It is wrong that too many young people in this country are denied the education that I benefited from.
I am in politics to change this.
It’s what drives me.
It’s what gets me out of bed in the morning.
So how would a future Labour government deliver an excellent place for every child in every school?
I want to make three radical reforms.
First, where a school freedom promotes higher standards, we will extend those freedoms to all schools.
So if a freedom is afforded to an academy and it drives up standards, that freedom should be available to all schools.
A school should not have to change its status to earn the permission to innovate.
Second, no one cares more about a school than the community it serves.
Therefore, we will deliver a radical devolution of power from Whitehall.
It is not feasible, nor is it desirable, for thousands of schools to be accountable only to the Secretary of State.
Local communities will have a greater say about education in their area.
Third, we will ensure that every school plays its part to raise standards across their area and meet the needs of their community.
Schools working in collaboration. A proven recipe for success.
Networked schools in a networked world. No school left behind.
That’s how we raise standards across all schools.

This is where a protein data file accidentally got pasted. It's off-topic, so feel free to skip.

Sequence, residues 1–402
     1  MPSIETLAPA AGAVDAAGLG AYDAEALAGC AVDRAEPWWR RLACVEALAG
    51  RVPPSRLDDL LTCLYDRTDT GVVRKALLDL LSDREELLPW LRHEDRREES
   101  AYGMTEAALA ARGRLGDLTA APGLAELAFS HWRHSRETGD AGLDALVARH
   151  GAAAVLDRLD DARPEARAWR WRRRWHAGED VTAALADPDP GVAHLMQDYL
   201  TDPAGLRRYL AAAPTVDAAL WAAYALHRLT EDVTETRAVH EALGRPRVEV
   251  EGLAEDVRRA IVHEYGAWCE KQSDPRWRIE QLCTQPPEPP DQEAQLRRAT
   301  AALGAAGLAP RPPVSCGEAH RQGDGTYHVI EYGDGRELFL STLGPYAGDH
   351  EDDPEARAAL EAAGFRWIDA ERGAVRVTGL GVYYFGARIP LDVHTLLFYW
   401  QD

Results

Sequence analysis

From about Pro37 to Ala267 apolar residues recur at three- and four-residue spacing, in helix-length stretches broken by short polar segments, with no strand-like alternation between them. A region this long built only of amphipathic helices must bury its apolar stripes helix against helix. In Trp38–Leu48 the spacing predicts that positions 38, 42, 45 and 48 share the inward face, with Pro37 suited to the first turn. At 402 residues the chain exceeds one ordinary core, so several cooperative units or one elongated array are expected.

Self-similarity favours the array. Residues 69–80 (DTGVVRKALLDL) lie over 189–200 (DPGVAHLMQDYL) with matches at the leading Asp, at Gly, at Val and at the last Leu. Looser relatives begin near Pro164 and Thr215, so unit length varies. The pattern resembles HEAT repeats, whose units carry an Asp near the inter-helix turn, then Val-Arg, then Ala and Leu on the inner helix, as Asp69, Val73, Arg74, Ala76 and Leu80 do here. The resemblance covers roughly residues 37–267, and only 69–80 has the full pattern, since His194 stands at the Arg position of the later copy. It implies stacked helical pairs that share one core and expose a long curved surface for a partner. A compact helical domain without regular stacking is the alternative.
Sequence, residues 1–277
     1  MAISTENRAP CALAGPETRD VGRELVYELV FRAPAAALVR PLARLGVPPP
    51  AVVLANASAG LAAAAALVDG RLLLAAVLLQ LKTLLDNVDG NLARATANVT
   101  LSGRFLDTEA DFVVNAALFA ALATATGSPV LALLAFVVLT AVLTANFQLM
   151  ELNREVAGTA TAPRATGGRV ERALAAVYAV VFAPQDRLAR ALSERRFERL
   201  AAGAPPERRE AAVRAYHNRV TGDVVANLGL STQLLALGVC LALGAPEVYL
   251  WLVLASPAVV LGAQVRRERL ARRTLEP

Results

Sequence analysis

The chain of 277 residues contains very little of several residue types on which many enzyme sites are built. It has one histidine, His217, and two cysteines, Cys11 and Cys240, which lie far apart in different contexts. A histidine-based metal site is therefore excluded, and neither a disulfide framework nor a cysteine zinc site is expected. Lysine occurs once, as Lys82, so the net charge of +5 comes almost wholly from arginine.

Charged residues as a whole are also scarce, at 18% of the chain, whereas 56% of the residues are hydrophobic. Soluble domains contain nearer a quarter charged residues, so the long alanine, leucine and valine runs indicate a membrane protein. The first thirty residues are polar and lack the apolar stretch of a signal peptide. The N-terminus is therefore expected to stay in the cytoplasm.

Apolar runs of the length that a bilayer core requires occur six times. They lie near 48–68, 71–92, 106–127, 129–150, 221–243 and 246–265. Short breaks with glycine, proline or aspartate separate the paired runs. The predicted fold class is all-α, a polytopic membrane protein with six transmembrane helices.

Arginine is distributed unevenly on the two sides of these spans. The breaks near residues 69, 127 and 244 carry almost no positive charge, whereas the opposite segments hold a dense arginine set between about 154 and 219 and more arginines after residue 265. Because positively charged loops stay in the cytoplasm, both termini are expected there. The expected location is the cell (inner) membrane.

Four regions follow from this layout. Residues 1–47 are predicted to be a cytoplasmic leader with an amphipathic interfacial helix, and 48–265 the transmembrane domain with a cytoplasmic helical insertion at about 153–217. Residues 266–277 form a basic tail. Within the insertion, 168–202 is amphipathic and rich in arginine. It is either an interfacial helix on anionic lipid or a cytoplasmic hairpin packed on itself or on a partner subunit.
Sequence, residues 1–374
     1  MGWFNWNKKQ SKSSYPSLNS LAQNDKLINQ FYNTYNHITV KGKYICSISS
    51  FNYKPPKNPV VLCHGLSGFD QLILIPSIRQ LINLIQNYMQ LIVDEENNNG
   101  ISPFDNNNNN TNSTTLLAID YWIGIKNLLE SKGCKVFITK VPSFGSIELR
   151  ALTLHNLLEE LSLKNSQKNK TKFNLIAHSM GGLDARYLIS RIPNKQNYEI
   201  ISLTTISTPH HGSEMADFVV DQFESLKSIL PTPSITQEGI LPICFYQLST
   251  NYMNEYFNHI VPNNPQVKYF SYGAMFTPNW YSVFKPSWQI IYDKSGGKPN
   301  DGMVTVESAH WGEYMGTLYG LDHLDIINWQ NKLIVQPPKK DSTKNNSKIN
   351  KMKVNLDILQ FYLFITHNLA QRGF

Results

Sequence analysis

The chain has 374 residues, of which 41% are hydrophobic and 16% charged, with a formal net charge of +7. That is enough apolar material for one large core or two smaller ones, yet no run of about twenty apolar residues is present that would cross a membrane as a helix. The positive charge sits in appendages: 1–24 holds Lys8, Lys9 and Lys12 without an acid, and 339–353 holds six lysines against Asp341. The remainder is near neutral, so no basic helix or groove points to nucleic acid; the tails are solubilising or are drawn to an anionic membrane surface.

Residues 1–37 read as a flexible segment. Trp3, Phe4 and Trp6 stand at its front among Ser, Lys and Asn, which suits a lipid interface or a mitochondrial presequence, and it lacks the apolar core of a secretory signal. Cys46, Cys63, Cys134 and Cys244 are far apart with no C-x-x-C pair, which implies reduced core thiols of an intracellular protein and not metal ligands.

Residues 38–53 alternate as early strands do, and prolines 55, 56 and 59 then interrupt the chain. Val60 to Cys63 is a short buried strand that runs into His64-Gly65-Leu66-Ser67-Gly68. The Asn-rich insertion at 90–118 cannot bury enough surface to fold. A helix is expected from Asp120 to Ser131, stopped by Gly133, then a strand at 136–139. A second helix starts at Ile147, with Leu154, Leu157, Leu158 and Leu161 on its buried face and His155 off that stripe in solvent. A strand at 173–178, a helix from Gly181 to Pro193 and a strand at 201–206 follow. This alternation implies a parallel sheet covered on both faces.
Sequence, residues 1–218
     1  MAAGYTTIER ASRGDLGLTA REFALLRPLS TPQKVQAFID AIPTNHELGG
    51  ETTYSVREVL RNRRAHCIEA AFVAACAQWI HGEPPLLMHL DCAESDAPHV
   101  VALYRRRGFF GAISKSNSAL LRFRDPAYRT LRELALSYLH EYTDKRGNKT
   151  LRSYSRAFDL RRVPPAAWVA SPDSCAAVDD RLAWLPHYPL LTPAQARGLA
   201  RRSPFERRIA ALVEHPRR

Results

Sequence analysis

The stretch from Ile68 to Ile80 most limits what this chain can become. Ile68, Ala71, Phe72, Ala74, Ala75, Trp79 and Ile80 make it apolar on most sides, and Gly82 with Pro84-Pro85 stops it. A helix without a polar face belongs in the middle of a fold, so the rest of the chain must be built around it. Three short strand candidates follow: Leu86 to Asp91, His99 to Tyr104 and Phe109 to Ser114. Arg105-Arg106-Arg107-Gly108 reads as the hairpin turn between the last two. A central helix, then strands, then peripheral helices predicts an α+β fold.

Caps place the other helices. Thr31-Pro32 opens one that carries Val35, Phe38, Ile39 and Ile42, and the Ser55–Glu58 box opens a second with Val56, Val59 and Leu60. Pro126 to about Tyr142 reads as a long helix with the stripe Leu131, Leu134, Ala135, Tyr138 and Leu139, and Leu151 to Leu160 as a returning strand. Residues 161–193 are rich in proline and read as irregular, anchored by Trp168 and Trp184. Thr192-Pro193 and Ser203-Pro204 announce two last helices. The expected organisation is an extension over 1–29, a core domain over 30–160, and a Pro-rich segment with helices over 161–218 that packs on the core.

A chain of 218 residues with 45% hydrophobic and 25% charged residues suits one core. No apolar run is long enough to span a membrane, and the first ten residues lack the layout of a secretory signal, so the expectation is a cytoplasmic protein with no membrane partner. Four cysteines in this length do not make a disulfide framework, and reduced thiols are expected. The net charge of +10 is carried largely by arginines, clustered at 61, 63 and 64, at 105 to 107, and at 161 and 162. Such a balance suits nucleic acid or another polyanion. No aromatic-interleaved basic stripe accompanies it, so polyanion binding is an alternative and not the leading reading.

As we look ahead, our starting point is an education system that is all too often talked down by politicians.
Yes, there are huge challenges but we start from a position of strength.
This is where Michael Gove gets it wrong.
He has invested so much into talking down the education system.
He has lost sight of the most important thing for driving standards forward: the people in our schools and classrooms across the country.
The professionals. They are the true enablers of promise.
Michael Gove tells us he wants to slay the dragons that hold back our education system.
Now, I know the Secretary of State is a fan of Dungeons and Dragons, so he’s used to fighting make-believe battles in his living room, but this is no way to run our education system.
Although he has tried to cast himself as a warrior for freedom in our schools, Michael Gove is in fact the classic centraliser, an armchair general, taking back freedoms, undermining head teachers and centralising power around his desk in Sanctuary Buildings.
Of course there are problems in the system, but this is not the way to deal with them.
He tells us that decisions on schools are best made by central government, not the communities they serve.
He tells us that schools operate best as islands.
He tells us that the problem in the teaching profession is Qualified Status and that the answer is fewer qualified teachers.
He says look to Finland and Shanghai. Well let’s do that.
They have schools working in partnership, they have empowered their communities and they have dramatically raised the status of the teaching profession.
Freedoms for all schools
Labour will learn from the best schools systems around the world and bring order to the chaos Michael Gove has created in our schools system.